Firstly, nearly all users, regardless of their level of experience, will have come across a top-level navigation bar. Therefore, the vast majority of users will know how to interact with this user interface design pattern—in order to navigate freely through the contents of the design—without the need for instruction or eye-catching visuals to draw their attention to this facility.
Secondly, when you are dealing with a group of categories that are unlikely to change and are easily represented with a short title or label, top-level navigation bars can accommodate as many as twelve categories (the recommended maximum number) without occupying too much of the user interface.
Author/Copyright holder: Amazon. Copyright terms and license: Fair Use.
The global navigation bar can accommodate quite a lot of elements, as can be seen from the Amazon website. However, a maximum of twelve categories is recommended, to avoid overcrowding and a decrease in usability.
Thirdly, as previously stated, a global navigation bar provides the highest-level means of navigation in one position across all different sections of the user interface – so, no matter where users are, they can hop to and from groups of content. Arranging content or category labels along the top helps give the users an overview of the user interface and informs them of where they can go and how they can get there, affording free movement and promoting exploration.
Homepage links, which can be an important part of the global navigation bar, serve as a stable means of leaving one page and navigating back to the first point in the site hierarchy. Providing users with this facility means—no matter where they are in the different levels, sections, and pages of the site—they can jump right back to the beginning, switching from a specific focus to a general overview of the site contents with a single click. When you as a designer implement it correctly, users can rely on this consistent design element; so, no matter where they are, they can always return to the homepage. This can be particularly useful for site visitors who entered on a page deeper into the site hierarchy; such is the case when using a search engine or clicking on a link in another website.
Best Practice: How to Implement Global Navigation
First, establish your groups of content; if the number of categories exceeds twelve, you might be better off combining global navigation with another user interface design pattern, such as a mega dropdown menu.
Assign each of the groups of content a fitting title (e.g., from the top-level navigation bar above: ‘Your Amazon.com’, ‘Today’s Deals’, ‘Gift Cards & Registry’, ‘Sell’, and ‘Help’).
Arrange these category titles in a logical order. For each group of categories, there likely will be an appropriate order, but the first option is usually the homepage, as this represents the first tier in the whole user interface. When used in combination with tabs, top-level navigation bars serve as the second tier of the user interface. In these instances, the first tab should be used to take the user back to the homepage.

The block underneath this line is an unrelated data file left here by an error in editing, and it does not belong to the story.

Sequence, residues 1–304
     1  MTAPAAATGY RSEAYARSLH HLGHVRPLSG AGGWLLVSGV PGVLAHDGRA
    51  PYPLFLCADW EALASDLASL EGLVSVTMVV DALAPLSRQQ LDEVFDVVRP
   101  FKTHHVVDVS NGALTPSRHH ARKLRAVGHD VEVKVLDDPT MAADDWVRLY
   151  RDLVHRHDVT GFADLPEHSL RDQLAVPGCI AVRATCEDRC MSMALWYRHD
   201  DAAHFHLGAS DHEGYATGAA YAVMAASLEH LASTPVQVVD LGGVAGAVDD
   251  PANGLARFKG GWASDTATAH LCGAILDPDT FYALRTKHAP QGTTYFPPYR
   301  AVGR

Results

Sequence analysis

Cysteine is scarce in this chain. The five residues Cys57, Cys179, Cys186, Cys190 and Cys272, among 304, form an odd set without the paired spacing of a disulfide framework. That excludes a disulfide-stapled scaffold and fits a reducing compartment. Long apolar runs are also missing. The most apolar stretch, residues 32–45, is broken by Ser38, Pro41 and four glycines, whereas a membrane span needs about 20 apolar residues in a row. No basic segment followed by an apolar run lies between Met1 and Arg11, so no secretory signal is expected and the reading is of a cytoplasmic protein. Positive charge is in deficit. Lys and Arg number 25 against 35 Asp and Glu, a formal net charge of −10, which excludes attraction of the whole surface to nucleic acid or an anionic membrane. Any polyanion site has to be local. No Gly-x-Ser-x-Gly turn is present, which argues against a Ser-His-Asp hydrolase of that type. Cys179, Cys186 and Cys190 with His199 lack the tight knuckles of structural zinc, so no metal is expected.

Implement the same top-level navigation bar in all regions of the user interface. Then, link each title to the appropriate contents, so when the users click it, they are navigated directly to the associated information.
Inform the users of their current position by changing the appearance of the individual category label. In the WordPress example below, the color of the selected category label changes from light white to blue, while all other options remain the same color.
When you’re using a hyperlinked logo or name in your global navigation, it does not expressly state that it also operates as a homepage link. Therefore, you should include a number of other small touches to help the user identify this functionality. Firstly, you can use a simple tooltip to display the word ‘homepage’. This is not commonly implemented, but it would help novice users determine that this facility is afforded. Secondly, changing the appearance of the cursor when users hover over the hyperlinked logo or name shows them they can click on it.
Author/Copyright holder: WordPress. Copyright terms and license: Fair Use.
The global navigation bar of the WordPress website shows whereabouts in the site the user is, thanks to the changed color of the selected category label. For extra emphasis, WordPress has used an arrow pointing at the selected label.
To help you get started implementing global navigation, you can download and print our “Global Navigation” template: